Disagreement: The etymology of "Demeter" is well attested as "Deus Mater", or Divine Mother or God Mother. The root "De" is the same as found in "Zeus", "Deus", and "Theos", all of which are cognates. The "-us" suffix may denote masculine gender, as with the translation of "Yeshua" into Greek as "Iesous", or with Odysseus and Achilleus, etc.

Edit: "Zeus" and "Theos" are not real cognates. Greek "Zeus", Sanskrit "Dyaús" and Latin genitive "Iovis" all derive from the same Proto-Indo-European root *Diēus. The Greek "Theos" doesn't fit in this cognate set, in fact, the etymology of the word is still unclear. (cf. Beekes, 1995)

Demeter's Relationship With Persephone

The central myth of Demeter, which is at the heart of the Eleusinian Mysteries is her relationship with Persephone, her daughter and own younger self. In the Olympian pantheon, Persephone became the consort of Hades (Roman Pluto, the underworld god of wealth). Persephone became the goddess of the underworld when Hades abducted her from the earth and brought her into the underworld. She had been playing with some nymphs (or Leucippe) whom Demeter changed into the Sirens as punishment for not having interfered. Life came to a standstill as the depressed Demeter (goddess of the earth) searched for her lost daughter (resting on the stone, Agelasta). Finally, Zeus could not put up with the dying earth and forced Hades to return Persephone by sending Hermes to retrieve her. But before she was released, Hades tricked her into eating six pomegranate seeds, which forced her to return six months each year. When Demeter and her daughter were together, the earth flourished with vegetation. But for six months each year, when Persephone returned to the underworld, the earth once again became a barren realm. The six months when the earth is barren are the summer months, since in Greece this is when all vegetation dies from heat and lack of rainfall. The winter by comparison has heavy rainfall and mild temperatures in which plant life flourishes. It was during her trip to retrieve Persephone from the underworld that she revealed the Eleusinian Mysteries. In an alternate version, Hecate rescued Persephone.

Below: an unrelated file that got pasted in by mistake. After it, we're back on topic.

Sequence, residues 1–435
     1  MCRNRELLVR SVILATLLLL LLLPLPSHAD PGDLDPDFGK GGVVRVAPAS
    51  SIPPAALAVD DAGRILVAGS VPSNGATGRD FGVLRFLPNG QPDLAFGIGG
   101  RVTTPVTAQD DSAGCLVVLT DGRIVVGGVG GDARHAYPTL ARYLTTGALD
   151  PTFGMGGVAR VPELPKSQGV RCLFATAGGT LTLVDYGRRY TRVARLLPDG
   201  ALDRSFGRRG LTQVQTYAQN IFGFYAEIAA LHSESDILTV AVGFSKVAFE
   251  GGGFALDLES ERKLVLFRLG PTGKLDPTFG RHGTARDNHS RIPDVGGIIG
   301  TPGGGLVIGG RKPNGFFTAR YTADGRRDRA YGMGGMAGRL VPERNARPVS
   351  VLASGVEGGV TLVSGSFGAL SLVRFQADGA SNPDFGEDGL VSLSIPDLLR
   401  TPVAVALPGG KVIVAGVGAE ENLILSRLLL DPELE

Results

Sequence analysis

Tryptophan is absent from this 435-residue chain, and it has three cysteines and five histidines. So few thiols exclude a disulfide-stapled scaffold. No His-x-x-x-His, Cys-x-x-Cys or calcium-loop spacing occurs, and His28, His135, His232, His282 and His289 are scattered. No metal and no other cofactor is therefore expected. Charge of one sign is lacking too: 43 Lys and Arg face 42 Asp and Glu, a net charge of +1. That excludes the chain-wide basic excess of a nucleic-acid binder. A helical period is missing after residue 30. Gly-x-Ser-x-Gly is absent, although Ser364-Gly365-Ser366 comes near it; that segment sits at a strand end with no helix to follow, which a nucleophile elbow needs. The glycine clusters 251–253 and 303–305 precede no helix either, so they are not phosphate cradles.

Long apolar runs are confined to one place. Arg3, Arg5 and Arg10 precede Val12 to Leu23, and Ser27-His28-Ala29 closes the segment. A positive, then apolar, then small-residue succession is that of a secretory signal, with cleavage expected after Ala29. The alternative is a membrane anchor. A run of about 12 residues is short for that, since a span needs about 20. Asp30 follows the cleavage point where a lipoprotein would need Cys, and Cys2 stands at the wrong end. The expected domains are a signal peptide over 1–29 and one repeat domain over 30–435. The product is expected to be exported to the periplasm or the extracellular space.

Demeter's stay at Eleusis

While Demeter was searching for her daughter Persephone, having taken the form of an old woman called Doso, she received a hospitable welcome from Celeus, the King of Eleusis in Attica (and also Phytalus). He asked her to nurse Demophon and Triptolemus, his sons by Metanira.

As a gift to Celeus, because of his hospitality, Demeter planned to make Demophon as a god, by coating and annointing him with Ambrosia, breathing gently upon him while holding him in her arms and bosom, and making him immortal by burning his mortal spirit away in the family hearth every night. She put him in the fire at night like a firebrand or ember without the knowledge of his parents.

Demeter was unable to complete the ritual because his mother Metanira walked in and saw her son in the fire and screamed in fright, which angered Demeter, who lamented that foolish mortals do not understand the concept and ritual.

Instead of making Demophon immortal, Demeter chose to teach Triptolemus the art of agriculture and, from him, the rest of Greece learned to plant and reap crops. He flew across the land on a winged chariot while Demeter and Persephone cared for him, and helped him complete his mission of educating the whole of Greece on the art of agriculture.

Later, Triptolemus taught Lyncus, King of the Scythians the arts of agriculture but he refused to teach it to his people and then tried to kill Triptolemus. Demeter turned him into a lynx.

Portrayals and Miscellanea

Demeter was usually portrayed on a chariot, and frequently associated with images of the harvest, including flowers, fruit, and grain. She was also sometimes pictured with Persephone.

Demeter is not generally portrayed with a consort: the exception is Iasion, the youth of Crete who lay with Demeter in a thrice-ploughed field, and was sacrificed afterwards— by a jealous Zeus with a thunderbolt, Olympian mythography adds, but the Cretan site of the myth is a sign that the Hellenes knew this was an act of the ancient Demeter.

Demeter placed Aethon, the god of famine, in Erysichthon's gut, making him permanently famished. This was a punishment for cutting down trees in a sacred grove.


  • Jane Ellen Harrison, Prolegomena to the Study of Greek Religion, 1903
  • Karl Kerenyi, Eleusis: archetypal image of mother and daughter, 1967.
  • Karl Kerenyi, Dionysos: Archetypal Image of Indestructible Life, 1976
  • Walter Burkert (1985) Greek Religion, Harvard University Press, 1985.
  • Carl Ruck and Danny Staples, The World of Classical Myth, 1994.